Property Development Finance in a Tough Lending Market

Getting the Right Property Development Finance for Your Project

Have you heard of the expression “no money, no project?”. Nothing is truer said. Many developers fail to get projects off the ground or delude themselves about a projects viability because they make erroneous assumptions about how easy it will be to fund a project and the conditions of their finance. The reality is that it can be easy to fund a project only if you know what are the most suitable financial products for your project, which lenders are offering these products, and how to present your deals to these lenders. This article will explore all of these themes around obtaining property development finance. Your understanding of finance is critical, because if you make erroneous assumptions about who and how your project is going to be financed, you may commit to buying a project site that you either wont be able to afford to develop, or your forecast return will take a big hit because of higher interest charges and fees.

Property development finance is currently perceived to be very tough to get in the west Australian credit market. Fairly recent regulatory changes and investigation into lending practice by various regulatory bodies such as ASIC, APRA and most recently a Royal Commission into banking misconduct has certainly resulted in the perception of a more restricted lending market.

Many small-scale developers who rely on development finance from major lending institutions may have experienced the frustration of having finance inexplicably knocked back where hitherto it was approved. You would be surprise dot know that , in most cases development finance is still obtainable, you just hav eot know how and where. You have to understand:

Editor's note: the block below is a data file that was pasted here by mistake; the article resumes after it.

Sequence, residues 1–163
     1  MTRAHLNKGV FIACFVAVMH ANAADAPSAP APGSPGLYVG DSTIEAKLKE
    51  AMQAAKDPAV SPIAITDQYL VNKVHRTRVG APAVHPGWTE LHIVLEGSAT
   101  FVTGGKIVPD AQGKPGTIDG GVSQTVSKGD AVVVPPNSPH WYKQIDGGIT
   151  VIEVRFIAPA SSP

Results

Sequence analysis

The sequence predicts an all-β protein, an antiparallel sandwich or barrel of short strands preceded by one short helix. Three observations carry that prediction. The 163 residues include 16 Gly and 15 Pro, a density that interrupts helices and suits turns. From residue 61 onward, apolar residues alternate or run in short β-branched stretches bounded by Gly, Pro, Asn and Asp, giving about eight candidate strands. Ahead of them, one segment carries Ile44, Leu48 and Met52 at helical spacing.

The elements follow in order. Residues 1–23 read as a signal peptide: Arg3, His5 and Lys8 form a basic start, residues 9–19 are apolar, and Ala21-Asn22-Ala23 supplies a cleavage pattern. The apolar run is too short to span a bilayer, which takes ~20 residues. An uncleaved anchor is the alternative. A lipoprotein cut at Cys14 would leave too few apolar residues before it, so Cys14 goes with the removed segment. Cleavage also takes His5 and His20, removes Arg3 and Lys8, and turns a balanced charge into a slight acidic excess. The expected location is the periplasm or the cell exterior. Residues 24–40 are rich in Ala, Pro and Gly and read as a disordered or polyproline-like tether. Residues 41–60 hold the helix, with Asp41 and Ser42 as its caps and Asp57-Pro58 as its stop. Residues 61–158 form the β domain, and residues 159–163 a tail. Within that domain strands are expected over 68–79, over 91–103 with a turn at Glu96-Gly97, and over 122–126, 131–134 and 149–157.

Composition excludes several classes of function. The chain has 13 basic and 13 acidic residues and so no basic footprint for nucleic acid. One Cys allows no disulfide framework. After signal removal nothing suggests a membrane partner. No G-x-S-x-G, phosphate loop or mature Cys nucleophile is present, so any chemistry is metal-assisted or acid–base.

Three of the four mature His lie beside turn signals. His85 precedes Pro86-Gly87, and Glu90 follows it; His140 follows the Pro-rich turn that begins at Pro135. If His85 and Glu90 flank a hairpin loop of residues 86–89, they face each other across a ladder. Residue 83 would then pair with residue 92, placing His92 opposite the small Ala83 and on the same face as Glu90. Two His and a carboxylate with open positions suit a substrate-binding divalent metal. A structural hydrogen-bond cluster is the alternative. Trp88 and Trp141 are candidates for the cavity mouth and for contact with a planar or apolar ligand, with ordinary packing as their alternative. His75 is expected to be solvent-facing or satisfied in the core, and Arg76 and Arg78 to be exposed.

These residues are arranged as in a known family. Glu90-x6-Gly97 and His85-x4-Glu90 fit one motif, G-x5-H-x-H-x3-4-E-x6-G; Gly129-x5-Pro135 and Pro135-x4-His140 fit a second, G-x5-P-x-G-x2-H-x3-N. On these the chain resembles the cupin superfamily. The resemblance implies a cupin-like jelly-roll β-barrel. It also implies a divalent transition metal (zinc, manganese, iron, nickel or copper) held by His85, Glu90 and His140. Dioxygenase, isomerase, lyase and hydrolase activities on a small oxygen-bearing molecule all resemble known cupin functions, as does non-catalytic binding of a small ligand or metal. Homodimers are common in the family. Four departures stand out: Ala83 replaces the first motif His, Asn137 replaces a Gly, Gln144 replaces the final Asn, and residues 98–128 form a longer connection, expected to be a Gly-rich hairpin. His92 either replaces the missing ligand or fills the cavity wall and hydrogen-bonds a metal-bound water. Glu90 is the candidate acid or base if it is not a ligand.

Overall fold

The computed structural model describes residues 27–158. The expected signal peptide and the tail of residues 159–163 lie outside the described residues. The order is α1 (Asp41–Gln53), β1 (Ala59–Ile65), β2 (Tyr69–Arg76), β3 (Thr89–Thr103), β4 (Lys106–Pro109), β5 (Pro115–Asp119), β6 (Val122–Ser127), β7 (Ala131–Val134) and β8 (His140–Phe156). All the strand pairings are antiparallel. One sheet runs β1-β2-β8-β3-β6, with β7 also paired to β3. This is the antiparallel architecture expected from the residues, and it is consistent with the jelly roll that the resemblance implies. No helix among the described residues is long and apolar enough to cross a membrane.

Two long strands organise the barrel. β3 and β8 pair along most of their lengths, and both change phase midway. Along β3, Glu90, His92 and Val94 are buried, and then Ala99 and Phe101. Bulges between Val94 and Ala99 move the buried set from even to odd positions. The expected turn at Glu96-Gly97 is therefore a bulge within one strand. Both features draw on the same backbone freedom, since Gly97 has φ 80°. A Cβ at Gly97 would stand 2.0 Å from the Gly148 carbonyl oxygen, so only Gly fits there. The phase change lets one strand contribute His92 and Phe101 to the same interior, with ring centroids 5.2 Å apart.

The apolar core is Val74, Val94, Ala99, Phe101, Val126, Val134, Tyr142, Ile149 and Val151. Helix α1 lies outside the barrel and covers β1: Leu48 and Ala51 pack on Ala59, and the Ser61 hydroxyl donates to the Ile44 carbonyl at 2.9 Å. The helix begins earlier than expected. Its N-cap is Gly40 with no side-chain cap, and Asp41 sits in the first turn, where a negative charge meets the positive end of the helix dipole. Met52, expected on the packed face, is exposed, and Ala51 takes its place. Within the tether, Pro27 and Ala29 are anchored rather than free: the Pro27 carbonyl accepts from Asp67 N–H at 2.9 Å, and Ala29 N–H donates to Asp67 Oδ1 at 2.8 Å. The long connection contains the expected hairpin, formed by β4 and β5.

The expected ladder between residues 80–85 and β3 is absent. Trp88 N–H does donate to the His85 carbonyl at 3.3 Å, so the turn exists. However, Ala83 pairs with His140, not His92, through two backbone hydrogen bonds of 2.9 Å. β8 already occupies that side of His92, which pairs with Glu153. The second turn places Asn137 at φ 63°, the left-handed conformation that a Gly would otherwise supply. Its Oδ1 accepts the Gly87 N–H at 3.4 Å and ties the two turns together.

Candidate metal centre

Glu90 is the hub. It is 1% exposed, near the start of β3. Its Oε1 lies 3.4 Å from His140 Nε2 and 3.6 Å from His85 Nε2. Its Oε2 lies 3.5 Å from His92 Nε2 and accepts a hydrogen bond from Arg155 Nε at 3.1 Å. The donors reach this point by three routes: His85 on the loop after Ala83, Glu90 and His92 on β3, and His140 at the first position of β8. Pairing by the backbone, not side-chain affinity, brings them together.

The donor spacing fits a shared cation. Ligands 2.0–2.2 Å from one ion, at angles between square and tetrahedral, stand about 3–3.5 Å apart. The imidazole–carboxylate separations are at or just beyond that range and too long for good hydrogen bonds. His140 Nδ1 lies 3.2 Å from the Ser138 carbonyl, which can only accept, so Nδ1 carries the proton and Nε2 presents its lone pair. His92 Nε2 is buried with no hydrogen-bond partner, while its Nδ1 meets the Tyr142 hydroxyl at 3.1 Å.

1. Who the right lender is to present your deal to
  2. How the project is best presented to them

Presenting to the Right Lender for Property Development Finance

While in Australia there are a multitude of lenders for your scenario there may only be a short list that would finance your development. Knowing who these lenders are and their lending criteria will assist enormously in improving the chances of obtaining property development finance.

To illustrate the great variation amongst lenders with some simple examples you may be surprised to know that:

  • Many lenders will consider any application for residential development loans where three or more units are proposed as more suited to a commercial loan. This will attract higher interest rates and fees , and see the deal assessed very differently, more as a business case. There are a handful of lenders who consider up to four units as a residential development loan, but this is dwindling. In this case standard rates and fees will apply to the loan. This can be an important consideration for project feasibility and cash flow .